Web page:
2 Responses

  1. UltimateReaper says:

    I’m sad to see this go, but it was fun. The satire in this show was decent, but my favorite was the dark humor.

  2. Litho says:

    Strange that I find the first half stronger. Maybe because I like the aloofness.

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  • Juno
    (Thursday, Apr 24. 2014 12:21 PM)
    Erm, no. They didn’t “get along” so much as Sayaka at least sympathized nicely with her. At least, until the end, when she basically swore never to sympathize with her again. XDDD
  • Juno
    (Thursday, Apr 24. 2014 12:20 PM)
    Another interesting point is that the character relations are pretty fluid, too. Characters can act differently toward each other in different timelines/potential futures. Rebellion actually solidifies Homura’s consistent feelings toward Mami and also that Sayaka just cannot seem to be on good terms with Homura… but even then, for a while, they got along pretty well until the end. XD
  • Juno
    (Thursday, Apr 24. 2014 12:17 PM)
    Madoka’s characterization seems pretty non-linear and only show up when necessary, so it’s definitely easy to see that they’re “dependent on the plot,” but there’s a ton of stuff there to piece the characters together into something coherent and solid.
  • AidanAK47
    (Thursday, Apr 24. 2014 11:55 AM)
    Madoka’s characters act pretty confusingly? I never got that. I always felt there actions were pretty logical in the first viewing.
    Though a second viewing of anything can help. Mostly because you know the main story so you can focus on the little details.
  • Juno
    (Thursday, Apr 24. 2014 11:27 AM)
    If anyone wants me to ask any specific questions, let me know. Funny enough, people are saying the same thing I’ve been saying for a long time–that multiple viewings help us understand the characters better. Because a lot of characters DO act pretty confusing at first, but upon a second viewing, after we know more about them, those actions make complete sense. Meaning that Madoka’s characterization is not linear.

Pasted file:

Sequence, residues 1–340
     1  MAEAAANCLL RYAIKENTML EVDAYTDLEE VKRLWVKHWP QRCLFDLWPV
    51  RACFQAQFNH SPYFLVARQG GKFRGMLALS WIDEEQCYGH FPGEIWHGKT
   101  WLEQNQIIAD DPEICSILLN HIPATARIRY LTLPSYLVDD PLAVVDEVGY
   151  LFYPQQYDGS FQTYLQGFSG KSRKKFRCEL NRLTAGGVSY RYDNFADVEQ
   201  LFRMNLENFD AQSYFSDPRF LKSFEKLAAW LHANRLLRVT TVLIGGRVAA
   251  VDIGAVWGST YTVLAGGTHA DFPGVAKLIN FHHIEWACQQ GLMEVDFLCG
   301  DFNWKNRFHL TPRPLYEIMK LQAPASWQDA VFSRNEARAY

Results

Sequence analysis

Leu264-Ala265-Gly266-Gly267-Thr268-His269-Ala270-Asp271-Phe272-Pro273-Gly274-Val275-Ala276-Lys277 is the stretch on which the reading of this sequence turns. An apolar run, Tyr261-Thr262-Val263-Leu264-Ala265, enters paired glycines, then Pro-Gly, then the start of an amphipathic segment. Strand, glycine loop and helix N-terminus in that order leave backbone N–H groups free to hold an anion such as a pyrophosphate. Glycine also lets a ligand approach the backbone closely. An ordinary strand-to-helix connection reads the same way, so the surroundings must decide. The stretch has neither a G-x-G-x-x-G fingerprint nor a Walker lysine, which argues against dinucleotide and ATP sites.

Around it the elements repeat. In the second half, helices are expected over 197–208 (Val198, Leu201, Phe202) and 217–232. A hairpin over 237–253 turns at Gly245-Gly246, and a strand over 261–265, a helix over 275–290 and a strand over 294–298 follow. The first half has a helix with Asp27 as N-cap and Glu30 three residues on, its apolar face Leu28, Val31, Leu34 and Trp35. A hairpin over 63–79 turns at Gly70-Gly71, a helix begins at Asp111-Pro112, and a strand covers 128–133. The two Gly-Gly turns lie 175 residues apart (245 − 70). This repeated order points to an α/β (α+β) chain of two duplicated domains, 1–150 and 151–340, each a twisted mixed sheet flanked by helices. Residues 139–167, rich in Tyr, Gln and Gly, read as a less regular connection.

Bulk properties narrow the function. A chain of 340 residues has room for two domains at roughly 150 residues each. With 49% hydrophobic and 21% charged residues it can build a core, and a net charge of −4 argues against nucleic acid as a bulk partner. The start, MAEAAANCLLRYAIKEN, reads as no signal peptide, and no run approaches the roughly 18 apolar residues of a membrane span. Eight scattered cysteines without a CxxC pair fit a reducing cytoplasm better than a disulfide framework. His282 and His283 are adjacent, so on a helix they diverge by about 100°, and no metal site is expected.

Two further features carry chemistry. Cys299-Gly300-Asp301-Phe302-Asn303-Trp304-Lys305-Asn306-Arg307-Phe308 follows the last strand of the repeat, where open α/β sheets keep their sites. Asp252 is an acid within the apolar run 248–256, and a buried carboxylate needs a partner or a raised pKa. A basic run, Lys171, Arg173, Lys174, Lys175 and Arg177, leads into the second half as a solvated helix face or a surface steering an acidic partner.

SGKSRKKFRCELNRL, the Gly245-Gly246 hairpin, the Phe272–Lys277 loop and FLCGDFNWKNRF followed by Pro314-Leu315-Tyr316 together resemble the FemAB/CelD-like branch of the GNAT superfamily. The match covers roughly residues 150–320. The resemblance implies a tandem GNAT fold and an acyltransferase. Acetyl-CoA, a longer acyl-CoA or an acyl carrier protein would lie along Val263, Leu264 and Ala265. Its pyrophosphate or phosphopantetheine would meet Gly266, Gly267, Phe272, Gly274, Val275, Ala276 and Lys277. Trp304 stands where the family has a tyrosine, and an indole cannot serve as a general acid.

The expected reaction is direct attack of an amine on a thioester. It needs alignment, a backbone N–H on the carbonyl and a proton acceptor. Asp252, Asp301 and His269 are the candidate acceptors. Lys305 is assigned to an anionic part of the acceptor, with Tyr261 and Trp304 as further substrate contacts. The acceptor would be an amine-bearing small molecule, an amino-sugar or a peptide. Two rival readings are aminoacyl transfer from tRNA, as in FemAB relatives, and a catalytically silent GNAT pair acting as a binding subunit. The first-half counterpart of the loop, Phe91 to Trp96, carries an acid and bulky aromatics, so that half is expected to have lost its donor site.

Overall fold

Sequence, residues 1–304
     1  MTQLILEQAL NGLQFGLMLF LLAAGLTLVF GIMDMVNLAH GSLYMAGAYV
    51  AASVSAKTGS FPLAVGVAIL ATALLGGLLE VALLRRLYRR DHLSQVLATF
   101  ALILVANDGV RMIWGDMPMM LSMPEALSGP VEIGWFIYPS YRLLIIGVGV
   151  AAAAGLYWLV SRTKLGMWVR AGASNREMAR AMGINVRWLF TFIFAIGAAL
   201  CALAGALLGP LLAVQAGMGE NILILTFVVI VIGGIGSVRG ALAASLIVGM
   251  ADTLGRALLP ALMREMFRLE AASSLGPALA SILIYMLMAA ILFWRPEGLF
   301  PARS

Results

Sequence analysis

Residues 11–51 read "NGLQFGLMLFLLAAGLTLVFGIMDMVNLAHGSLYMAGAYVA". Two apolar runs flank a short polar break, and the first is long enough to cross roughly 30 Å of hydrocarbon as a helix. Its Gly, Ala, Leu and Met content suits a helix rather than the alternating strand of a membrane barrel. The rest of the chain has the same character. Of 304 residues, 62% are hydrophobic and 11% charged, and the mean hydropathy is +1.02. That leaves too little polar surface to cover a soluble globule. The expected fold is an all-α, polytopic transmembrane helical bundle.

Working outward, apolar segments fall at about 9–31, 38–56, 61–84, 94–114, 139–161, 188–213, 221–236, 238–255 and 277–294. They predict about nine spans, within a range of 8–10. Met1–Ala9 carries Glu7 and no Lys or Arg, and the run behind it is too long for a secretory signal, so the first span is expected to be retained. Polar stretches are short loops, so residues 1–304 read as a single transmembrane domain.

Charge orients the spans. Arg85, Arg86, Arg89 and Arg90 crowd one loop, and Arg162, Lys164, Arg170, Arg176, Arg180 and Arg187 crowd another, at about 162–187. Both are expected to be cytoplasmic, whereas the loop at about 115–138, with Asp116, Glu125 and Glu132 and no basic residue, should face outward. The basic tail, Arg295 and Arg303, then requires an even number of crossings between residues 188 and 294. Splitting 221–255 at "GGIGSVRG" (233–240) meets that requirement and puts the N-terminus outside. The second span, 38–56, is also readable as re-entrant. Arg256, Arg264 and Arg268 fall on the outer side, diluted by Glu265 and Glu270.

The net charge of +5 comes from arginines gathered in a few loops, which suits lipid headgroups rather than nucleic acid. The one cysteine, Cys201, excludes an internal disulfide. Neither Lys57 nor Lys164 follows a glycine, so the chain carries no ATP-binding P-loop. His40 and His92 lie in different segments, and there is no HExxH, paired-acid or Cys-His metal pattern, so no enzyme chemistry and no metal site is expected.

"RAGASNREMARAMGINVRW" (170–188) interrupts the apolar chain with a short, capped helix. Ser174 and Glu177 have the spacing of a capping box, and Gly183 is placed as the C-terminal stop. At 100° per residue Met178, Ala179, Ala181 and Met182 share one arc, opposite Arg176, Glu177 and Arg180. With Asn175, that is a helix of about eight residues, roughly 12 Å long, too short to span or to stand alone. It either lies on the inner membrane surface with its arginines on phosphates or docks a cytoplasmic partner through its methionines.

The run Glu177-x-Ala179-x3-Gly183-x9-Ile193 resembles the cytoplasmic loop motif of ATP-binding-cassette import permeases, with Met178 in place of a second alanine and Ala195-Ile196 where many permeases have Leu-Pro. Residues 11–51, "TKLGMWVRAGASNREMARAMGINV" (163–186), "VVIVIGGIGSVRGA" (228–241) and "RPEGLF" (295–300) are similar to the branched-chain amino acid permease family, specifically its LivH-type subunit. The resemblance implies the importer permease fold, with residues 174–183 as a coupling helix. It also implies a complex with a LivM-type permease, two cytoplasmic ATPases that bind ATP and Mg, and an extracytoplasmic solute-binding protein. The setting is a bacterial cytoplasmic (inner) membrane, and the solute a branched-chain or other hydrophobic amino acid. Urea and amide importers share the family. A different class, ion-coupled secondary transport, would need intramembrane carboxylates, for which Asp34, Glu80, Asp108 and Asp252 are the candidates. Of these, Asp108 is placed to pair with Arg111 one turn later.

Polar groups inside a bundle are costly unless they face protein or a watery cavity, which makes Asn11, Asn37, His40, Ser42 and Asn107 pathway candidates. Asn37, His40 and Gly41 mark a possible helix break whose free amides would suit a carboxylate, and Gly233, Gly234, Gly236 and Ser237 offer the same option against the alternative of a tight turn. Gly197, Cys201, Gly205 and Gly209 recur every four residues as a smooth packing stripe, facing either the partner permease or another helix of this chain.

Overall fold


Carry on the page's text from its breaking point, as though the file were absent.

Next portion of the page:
• Juno
    (Thursday, Apr 24. 2014 11:20 AM)
    Thankfully, derailment usually doesn’t happen with serious topics like this, so it’ll probably just die down over time when there are plenty of great answers and not a lot more to say, or go on for a very long time if there are a disparity in perspectives from different people.
  • Juno
    (Thursday, Apr 24. 2014 11:17 AM)
    On a very, very interesting note, I just asked one of the small communities of respectable Madoka fans to sit down and think with me about the potential flaws of characterization and development in Madoka, or why they may be perceived as flaws. I’m getting a lot of well-thought-out answers, so when the thread starts to die down (or derail, which hasn’t happened yet), maybe I’ll share the link here.
  • Juno
    (Thursday, Apr 24. 2014 11:15 AM)
    @Kenjeran: I keep hearing that Up has a really emotionally engaging short intro or insert or something. I STILL haven’t seen it yet, but that might be a potential example.
  • Emma
    (Thursday, Apr 24. 2014 08:36 AM)
    I must say Daimidalar, the breast grabbing/groping really bothered me actually in that one that I wouldn’t watch it.
  • Emma
    (Thursday, Apr 24. 2014 08:17 AM)
    @Friend: I caught that captain earth picture before it got deleted =>